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Jessica Andrade breaks down championship-winning slam of Rose Namajunas

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One more time for those in the back: “Bate Estaca” is Portuguese for pile driver.

Never has that nickname suited Jessica Andrade better than at UFC 237, where she defeated Rose Namajunas by second-round TKO after dropping the strawweight champion on her head and finishing with strikes to claim the UFC title as her own.

Despite the spectacular finish, Andrade’s win was far from easy, and it was only after falling behind on the scorecards and being forced to defend against a kimura hold that the 27-year-old Brazilian was able to find the opportunity to lift Namajunas up for the fight-ending slam. Andrade had to adapt quickly or risk falling short in a UFC championship bout for a second time, and with her head coach preaching urgency, she executed the perfect maneuver at the perfect time.

“I noticed she was dodging (my strikes), blood got in my eyes and I couldn’t see anything, but I stayed calm because the strategy was right,” Andrade said, speaking about her performance at the evening’s post-fight press conference. “I spoke with my master in between rounds and he said that I had already felt her hands, that I knew what could happen, ‘So let’s keep going because everything will be alright now. Keep working on those kicks because she’s getting tired.’ And it worked.

“When I put her against the fence, he said, ‘Go for it, go for it because it will work.’ I couldn’t believe I went for the pile driver.”

The slam was horrifyingly effective — and 100 percent legal under the unified rules, as Andrade was in the act of defending against a submission — and to the naked eye it looked as if Namajunas may have suffered a serious neck injury.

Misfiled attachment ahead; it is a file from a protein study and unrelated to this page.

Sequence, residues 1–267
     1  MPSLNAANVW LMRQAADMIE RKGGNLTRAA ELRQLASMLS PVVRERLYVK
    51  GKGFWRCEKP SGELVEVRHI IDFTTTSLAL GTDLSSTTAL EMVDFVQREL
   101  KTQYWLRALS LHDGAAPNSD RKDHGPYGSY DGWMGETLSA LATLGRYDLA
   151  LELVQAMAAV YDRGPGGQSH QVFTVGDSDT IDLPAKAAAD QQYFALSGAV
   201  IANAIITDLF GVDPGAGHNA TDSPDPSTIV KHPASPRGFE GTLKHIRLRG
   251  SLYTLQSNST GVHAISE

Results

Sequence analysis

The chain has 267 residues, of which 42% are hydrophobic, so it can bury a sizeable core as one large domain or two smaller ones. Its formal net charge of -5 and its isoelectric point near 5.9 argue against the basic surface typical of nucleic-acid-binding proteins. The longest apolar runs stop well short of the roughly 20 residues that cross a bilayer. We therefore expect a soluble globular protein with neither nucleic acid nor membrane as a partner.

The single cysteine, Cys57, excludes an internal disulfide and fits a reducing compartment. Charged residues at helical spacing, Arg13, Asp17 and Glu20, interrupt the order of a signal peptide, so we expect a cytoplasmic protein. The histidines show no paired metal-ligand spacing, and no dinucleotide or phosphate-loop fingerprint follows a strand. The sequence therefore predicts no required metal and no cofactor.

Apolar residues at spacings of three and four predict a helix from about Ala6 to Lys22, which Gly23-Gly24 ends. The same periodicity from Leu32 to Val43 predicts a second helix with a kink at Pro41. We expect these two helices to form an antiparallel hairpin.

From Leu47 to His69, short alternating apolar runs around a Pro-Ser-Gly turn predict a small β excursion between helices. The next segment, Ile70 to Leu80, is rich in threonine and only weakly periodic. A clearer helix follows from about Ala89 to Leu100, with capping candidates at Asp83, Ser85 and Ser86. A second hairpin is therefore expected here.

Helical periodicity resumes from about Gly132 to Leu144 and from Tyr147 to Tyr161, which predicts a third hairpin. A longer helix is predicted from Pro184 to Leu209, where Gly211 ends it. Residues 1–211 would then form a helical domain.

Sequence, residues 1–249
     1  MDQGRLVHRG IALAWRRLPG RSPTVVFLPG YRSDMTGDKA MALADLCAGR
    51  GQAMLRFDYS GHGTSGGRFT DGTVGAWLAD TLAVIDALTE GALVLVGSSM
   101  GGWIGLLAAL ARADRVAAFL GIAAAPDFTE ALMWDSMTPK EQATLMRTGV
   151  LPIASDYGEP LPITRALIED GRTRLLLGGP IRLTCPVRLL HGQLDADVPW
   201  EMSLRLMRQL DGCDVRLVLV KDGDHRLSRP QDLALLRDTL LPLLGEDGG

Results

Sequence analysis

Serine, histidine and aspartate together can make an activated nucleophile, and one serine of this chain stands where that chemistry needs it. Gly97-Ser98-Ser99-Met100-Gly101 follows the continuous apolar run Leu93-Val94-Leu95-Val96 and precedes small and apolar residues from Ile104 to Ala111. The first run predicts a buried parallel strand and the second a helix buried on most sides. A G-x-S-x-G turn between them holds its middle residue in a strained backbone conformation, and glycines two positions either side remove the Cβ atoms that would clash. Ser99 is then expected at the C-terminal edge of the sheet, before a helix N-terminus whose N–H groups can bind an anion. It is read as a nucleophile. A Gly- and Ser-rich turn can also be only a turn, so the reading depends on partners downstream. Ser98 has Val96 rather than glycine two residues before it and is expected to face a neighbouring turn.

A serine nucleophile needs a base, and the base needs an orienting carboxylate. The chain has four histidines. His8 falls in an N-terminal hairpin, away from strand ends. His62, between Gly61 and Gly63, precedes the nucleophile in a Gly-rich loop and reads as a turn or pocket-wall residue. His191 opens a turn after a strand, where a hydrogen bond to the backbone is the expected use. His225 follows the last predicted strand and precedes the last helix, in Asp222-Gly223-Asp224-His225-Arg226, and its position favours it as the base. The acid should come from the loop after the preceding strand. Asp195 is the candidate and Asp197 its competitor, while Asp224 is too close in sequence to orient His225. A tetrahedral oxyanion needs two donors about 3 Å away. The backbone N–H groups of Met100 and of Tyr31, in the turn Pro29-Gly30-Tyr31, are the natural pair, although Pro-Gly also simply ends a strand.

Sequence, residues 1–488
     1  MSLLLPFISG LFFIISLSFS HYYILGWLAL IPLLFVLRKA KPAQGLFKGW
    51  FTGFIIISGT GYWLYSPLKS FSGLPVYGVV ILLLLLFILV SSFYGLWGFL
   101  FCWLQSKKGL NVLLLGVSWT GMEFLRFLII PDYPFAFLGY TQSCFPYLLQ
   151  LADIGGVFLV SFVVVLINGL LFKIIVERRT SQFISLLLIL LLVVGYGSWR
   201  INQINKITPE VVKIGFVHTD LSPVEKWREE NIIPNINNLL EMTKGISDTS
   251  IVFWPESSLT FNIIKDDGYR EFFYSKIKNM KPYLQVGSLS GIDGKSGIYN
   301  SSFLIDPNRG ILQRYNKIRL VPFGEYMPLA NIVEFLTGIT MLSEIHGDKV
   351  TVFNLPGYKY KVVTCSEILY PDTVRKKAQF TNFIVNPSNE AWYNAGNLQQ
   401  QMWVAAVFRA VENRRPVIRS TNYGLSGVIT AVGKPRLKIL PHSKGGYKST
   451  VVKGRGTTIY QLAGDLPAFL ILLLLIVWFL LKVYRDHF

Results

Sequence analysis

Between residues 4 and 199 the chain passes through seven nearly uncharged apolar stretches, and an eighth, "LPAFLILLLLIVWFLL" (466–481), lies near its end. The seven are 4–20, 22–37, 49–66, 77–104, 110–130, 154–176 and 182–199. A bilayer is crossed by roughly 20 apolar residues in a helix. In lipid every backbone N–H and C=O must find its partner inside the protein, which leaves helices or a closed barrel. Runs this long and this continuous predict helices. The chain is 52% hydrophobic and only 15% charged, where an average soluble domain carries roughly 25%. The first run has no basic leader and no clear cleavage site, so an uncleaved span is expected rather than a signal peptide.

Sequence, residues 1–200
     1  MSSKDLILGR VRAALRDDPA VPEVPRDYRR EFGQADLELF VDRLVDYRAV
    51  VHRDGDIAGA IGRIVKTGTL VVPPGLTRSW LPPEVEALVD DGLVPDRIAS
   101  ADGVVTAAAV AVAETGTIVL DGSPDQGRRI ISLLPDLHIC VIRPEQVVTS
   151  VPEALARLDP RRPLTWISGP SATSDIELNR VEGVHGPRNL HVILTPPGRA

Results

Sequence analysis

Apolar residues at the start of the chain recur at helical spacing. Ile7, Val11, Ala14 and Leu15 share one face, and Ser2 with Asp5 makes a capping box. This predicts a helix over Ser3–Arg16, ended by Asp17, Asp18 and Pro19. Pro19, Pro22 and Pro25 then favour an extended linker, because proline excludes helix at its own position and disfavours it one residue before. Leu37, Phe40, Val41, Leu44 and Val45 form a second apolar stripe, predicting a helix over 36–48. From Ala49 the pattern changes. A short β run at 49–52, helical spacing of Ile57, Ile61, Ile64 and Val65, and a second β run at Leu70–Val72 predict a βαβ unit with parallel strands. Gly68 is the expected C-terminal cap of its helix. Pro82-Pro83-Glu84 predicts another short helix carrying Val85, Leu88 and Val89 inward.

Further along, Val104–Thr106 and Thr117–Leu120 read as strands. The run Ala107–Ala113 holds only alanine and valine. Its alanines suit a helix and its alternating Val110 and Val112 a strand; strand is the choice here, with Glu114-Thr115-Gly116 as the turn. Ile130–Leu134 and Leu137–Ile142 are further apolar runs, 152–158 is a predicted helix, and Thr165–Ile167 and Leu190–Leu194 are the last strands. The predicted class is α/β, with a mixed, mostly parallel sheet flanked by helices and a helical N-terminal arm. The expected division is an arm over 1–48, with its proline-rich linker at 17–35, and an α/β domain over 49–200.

During her own post-fight press conference appearance, Namajunas did not indicate that she was experiencing any issues with her neck, and in the moment it looked like Namajunas recovered her senses shortly after the bout was waved off. Andrade was relieved to see that Namajunas appeared to be fine after being slammed, which allowed Andrade to enjoy her triumph without guilt.

“I saw her lying there, that she was out, and I still landed two punches before the referee stepped in,” Andrade said. “But I hadn’t realized how serious it was. I got worried because we train to go in there and fight and everyone comes out okay. She woke up later and I relaxed, ‘Okay, I can celebrate for real now because she’s fine. Everything went fine, I didn’t kill her [laughs].’ I didn’t imagine that would happen.

“I believe the pile driver worked because she kept holding my arm and I think she was going for a submission, but since I took her too high and moved her over my head and threw her, there was no way, she fell on her face and went out immediately.”

Andrade is now a UFC champion with back-to-back finishes and seven wins in her last eight fights. Her four-fight winning streak puts her into a tie for the longest active streak at 115 pounds with the unbeaten Tatiana Suarez and the resurgent Nina Ansaroff.

In discussing who could be her most dangerous challenger, Andrade pointed to Suarez as one to watch.

“I believe the most dangerous of them all is Tatiana,” Andrade said. “She has a great ground game. Even though I have a great jiu-jitsu, she’s an incredible grappler and I have to be careful with that. On the feet, I realized that it will be hard for anyone to knock me out, I have a solid chin and everything will be alright.

“We get damaged and cut, but it works in the end.”

Translation from Portuguese by Guilherme Cruz